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German Greetings

Learn to say hello and goodbye


There are quite a few German greetings, some are formal while others are fairly casual. Additionally, you'll find different ways to say Guten Tag in the north and the south of Germany.

beautiful houses in a town

Friedrichstadt in Schleswig-Holstein says Moin Moin

Standard German greetings

Deutsch English
Guten Morgen Good morning
Guten Tag Good day
Guten Abend Good evening
Gute Nacht Good night

shake hands

You use these greetings in slightly formal situations, when you enter a shop, or to greet people you don't know yet.

There are no strict rules about the exact time when you change from saying Guten Morgen to Guten Tag and to Guten Abend. Generally, you say Guten Tag from noon to 6 pm.

A handshake "Handschlag" is fairly common in Germany, especially in business meetings. Friends give each other a hug, or a kiss on the cheek when they greet "begrüssen" each other.

Notice the missing n in Gute Nacht? That's not a typo. It is because die Nacht is a feminine noun and goes with gute, while der Morgen, der Abend, der Tag are masculine and use guten.


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Informal and local German Greetings

Deutsch English
Moin Moin Although "Moin Moin" sounds a little like Morgen, people in Hamburg, East Frisia and parts of Schleswig-Holstein use it all day to greet people, even at night.
In Hessen a single "Moin" is used to say Guten Morgen.
Grüß Gott Like Moin Moin, Grüß Gott is used at any time of the day in Bavaria and in the south of Baden-Württemberg.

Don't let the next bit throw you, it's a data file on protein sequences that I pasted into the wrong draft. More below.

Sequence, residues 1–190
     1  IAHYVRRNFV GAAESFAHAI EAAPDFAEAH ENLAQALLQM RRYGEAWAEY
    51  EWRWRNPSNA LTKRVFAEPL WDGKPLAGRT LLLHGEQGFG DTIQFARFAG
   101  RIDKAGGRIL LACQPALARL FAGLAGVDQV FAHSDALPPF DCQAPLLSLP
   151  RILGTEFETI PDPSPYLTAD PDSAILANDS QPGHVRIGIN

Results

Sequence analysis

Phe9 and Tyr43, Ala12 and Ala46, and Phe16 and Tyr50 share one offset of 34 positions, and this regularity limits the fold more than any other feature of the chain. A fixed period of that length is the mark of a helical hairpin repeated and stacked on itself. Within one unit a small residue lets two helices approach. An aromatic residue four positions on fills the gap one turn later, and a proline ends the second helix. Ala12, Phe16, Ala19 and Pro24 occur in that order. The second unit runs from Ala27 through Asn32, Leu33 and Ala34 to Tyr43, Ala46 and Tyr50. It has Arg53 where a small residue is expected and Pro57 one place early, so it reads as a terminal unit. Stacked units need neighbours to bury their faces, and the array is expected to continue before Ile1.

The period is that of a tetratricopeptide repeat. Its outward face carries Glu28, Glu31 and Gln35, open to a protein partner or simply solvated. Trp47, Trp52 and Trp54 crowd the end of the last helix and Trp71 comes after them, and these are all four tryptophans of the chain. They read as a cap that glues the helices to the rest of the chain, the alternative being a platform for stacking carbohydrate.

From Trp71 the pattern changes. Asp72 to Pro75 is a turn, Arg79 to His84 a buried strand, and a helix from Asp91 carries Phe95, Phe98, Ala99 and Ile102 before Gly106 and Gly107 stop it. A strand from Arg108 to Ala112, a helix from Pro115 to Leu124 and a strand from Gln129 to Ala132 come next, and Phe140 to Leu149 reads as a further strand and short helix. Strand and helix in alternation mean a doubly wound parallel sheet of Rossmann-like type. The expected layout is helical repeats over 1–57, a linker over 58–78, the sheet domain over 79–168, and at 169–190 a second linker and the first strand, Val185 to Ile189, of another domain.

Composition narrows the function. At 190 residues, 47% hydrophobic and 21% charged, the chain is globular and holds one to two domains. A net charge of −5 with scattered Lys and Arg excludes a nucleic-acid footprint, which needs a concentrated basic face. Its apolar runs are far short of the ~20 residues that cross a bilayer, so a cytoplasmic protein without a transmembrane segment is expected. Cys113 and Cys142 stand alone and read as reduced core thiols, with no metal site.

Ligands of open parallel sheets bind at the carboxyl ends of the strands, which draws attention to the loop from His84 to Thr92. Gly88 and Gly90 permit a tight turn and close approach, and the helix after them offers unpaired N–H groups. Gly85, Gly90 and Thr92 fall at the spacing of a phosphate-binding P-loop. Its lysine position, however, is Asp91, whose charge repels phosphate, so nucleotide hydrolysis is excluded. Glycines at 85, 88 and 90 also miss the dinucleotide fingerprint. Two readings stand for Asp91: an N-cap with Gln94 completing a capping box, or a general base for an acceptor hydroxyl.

Hallo This is a word that sounds familiar, right? It is the most simple and casual way to say hello, especially to people you know.
Grüß Dich Literally translated "greet you" is a German phrase to say hello to someone you know well. Use it only when you are "per Du" with someone.

You can use Moin Moin, Hallo and Grüß Gott whether you are "per Du" or "per Sie" with someone. Although is fairly casual, it has become quite common to use "Hallo" in shops, at the doctor's, and restaurants.

How to say goodbye

Deutsch English
Auf Wiedersehen Goodbye - You never go wrong to say "Auf Wiedersehen", although it is slightly formal. A short form is to say just "Wiedersehen".
Tschüss Very common and slightly informal way to say goodbye.
Ade Used in Baden-Württemberg to say Auf Wiedersehen
Mach's gut Literally translated "do well", you can use this to say bye to people you are "per Du" with.

You will hear more goodbye greetings when you are in Germany, "Ciao" or "Tschau", "bye-bye", "bis dann" are just a few of them.

Summary:

Guten Tag and Auf Wiedersehen are the main phrases you should know, but I thought I tell about other phrases as well. You will hear them quite often.

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